We have spent the last several days filling out our NCAA tournament brackets (as most of you probably have as well). This post looks at which teams have played competitively versus higher ranked foes, and which teams played poorly versus lower ranked opponents.
We investigated the number of times a given team has lost or won in an upset. Upsets were defined as whenever a lower seeded defeated a team with a higher seed. While it is very possible that a 1 seed might lose to a 2 seed, an 8 seed to a 9 seed, we took into account both the seed differential during the contest as well as the point differential. Compiling data from the past 5 years of tournament play, as well as using our handy Matlab tool kit, we came up with the following “biggest losers” and “biggest winners”.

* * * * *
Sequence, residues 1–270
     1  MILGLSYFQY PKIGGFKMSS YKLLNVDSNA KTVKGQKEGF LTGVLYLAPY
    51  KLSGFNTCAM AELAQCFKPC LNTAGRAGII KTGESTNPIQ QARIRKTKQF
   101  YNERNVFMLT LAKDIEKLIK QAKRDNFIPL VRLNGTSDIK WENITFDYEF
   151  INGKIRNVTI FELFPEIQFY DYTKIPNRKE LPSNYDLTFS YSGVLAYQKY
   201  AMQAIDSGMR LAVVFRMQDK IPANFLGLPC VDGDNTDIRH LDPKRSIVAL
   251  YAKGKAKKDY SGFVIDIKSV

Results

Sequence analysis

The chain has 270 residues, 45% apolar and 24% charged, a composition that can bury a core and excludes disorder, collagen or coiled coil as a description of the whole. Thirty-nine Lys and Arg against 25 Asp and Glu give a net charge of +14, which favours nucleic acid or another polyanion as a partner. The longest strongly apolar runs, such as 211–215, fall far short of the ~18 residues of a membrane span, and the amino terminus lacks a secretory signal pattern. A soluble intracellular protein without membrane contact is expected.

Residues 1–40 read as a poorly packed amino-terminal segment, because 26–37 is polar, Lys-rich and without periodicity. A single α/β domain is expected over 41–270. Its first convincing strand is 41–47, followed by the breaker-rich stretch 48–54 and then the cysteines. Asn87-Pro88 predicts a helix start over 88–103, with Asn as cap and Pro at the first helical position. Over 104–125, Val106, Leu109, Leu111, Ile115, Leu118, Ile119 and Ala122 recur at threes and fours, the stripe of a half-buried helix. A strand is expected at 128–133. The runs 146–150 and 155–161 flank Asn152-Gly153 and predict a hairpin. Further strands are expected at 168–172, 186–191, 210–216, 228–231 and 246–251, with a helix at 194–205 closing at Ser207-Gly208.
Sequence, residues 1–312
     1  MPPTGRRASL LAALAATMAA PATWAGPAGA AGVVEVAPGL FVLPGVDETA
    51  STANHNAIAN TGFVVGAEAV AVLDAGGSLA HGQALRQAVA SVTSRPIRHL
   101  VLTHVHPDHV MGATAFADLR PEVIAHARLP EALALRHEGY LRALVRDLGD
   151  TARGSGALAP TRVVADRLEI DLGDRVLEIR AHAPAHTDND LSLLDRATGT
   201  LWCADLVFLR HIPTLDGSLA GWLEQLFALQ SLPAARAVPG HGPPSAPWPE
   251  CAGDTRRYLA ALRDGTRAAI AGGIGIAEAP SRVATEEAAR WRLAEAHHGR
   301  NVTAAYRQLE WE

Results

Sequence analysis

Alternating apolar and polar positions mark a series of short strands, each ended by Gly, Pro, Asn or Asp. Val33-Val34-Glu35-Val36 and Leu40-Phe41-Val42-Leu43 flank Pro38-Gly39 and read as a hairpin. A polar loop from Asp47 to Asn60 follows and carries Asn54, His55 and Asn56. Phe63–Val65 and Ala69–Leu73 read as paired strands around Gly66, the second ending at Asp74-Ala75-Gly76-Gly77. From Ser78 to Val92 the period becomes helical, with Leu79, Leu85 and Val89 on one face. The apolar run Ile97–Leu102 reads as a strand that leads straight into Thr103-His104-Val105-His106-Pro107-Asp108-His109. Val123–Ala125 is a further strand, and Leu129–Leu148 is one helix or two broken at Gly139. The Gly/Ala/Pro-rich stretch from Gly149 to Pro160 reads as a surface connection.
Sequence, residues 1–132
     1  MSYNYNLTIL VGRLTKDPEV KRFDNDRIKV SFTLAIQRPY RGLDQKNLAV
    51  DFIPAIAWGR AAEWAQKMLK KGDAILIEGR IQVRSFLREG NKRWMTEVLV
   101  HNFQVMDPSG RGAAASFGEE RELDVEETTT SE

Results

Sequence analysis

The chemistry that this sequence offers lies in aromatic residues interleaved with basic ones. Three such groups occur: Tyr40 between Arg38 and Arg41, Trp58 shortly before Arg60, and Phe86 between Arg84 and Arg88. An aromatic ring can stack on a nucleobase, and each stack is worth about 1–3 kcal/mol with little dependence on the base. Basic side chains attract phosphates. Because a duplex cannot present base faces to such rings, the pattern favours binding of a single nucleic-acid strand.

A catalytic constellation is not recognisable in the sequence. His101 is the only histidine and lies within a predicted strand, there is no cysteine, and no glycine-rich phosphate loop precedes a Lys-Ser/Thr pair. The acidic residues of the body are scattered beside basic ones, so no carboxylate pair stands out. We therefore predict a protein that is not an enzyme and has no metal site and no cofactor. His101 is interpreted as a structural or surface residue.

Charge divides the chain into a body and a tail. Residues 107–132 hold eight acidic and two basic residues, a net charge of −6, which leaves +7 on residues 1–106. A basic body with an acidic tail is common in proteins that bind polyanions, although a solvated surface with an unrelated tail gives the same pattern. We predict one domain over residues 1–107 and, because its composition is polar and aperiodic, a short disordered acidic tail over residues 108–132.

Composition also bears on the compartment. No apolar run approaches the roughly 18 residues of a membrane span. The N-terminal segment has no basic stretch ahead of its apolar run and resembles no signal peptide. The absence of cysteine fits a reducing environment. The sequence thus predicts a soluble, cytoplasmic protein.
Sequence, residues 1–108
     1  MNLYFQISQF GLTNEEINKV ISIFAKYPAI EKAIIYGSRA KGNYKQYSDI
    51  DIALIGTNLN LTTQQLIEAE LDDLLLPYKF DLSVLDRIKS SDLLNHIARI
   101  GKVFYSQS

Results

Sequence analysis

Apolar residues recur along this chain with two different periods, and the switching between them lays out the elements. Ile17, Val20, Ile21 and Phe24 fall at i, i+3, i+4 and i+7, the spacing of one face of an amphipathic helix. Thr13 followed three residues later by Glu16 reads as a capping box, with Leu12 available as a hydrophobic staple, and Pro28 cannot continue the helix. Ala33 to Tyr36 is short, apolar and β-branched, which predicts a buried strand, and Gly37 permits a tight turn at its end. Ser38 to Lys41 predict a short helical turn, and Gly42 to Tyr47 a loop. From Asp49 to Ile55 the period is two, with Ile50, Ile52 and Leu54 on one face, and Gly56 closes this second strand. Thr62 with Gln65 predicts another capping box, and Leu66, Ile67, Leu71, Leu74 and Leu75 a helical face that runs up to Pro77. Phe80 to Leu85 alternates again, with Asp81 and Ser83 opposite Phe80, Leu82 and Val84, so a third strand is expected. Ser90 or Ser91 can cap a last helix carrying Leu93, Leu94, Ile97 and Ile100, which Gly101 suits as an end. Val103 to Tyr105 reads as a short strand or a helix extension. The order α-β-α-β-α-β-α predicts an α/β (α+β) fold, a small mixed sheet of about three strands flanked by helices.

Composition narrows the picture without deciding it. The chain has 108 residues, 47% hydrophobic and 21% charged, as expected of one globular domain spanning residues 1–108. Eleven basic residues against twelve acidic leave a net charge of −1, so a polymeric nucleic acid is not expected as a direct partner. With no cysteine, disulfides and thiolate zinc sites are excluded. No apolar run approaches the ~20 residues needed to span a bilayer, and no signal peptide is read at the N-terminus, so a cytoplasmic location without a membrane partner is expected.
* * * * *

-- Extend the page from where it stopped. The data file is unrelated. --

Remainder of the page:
As you can see, big name schools such as Duke, Connecticut and Pittsburgh, have often lost to lower seeded teams. While in the case of the former two, championships have been won very recently, it also makes a case for the teams “choking” or receiving a higher seed than they deserve. In the case of Duke, during their four losses, the average seed deferential was 3.5 between themselves and their opponent, with losses coming at an average of 9.75 points. As a side note, teams that are continually ranked high, will of course have more opportunities to fall to lower seeds.
As for the upset winners?
George Mason had their Cinderella run in 2006, where they reached the final four as an 11 seed which propels them to the top of the upset winners. Michigan State which has also enjoyed several runs to the final four has defeated higher ranked opponents four times over the past 5 years, though their seed differential in their four “upset” wins is not significant.